The Burbage Players returned to their favourite playwright, Alan Ayckbourn, for their Autumn production at the Michael Croft Theatre, Alleyn’s School.  A strong cast, with a simple but attractive single set of the garden of a Victorian vicarage set in the 1970’s was admirably directed by Kathy Blackeby and Stefan Nowak.

Tom (Terry Brownbill), the mild-mannered and shy vet, makes constant visits to the garden, ostensibly in pursuit of his cat but perhaps unconsciously in pursuit of his neighbour Annie (Gill Daly), who has remained at home to care for her invalid mother. Her brother Reg (Carl Gilbey-McKenzie) and sister Ruth (Angela Horne) make occasional visits with their spouses to the family home to see the ageing matriarch.

The audience does not see Mother, instead it is allowed to view the private lives and often eccentric behaviour of her offspring and their partners.  Certainly the most eccentric is Norman, brilliantly played by Humphrey Waterhouse, the louche husband and absolute opposite of his wife, the fantastically organised Ruth.  Norman is unable to resist making passes at any woman and this includes his sisters-in-law, the wistful Annie who pines in vain, for the hopeless Tom, and the haughty Sarah (Carole Coyne).  Yet Norman is successful with both.  Annie clearly deciding that by her age, a bird in the hand is better than one in the bushes looking for a cat, agrees to an illicit weekend away with him.  When her affection for Tom stops her going, she is replaced in the attention of Norman by the rapidly melting persona of Sarah.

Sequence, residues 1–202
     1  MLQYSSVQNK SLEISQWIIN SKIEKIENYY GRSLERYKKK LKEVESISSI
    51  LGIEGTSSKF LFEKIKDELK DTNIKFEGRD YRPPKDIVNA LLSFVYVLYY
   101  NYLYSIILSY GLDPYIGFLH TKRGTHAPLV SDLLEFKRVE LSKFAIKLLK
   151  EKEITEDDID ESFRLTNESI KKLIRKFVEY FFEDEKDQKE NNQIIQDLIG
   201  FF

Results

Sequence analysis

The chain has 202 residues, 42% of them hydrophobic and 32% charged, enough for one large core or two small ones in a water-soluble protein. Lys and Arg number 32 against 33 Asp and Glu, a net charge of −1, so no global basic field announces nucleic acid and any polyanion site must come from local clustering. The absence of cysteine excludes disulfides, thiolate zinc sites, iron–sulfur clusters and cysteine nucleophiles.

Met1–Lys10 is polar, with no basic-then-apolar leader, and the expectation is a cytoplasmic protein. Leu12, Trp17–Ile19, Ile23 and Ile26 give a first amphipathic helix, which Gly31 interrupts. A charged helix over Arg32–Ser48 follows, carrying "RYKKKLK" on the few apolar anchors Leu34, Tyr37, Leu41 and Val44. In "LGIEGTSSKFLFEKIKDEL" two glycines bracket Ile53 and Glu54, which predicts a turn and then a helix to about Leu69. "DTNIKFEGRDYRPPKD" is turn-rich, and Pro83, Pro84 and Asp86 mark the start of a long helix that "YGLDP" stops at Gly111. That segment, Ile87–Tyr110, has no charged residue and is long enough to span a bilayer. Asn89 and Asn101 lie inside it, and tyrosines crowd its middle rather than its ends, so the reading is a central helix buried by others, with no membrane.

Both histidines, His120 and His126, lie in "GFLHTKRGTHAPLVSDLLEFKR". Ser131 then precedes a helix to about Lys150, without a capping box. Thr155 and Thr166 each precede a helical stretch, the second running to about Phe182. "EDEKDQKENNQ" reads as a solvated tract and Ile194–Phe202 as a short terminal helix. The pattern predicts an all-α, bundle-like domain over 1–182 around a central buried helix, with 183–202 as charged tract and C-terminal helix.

Ruth, however knows her husband and how far he can be allowed to stray and when the characters depart for their respective homes with the same partners they arrived with, the audience thinks the play is over.  It is not. A loud car crash is heard and back they all troop for hilarious recriminations and happy conclusion for the two gormless lovers, Tom and Annie.

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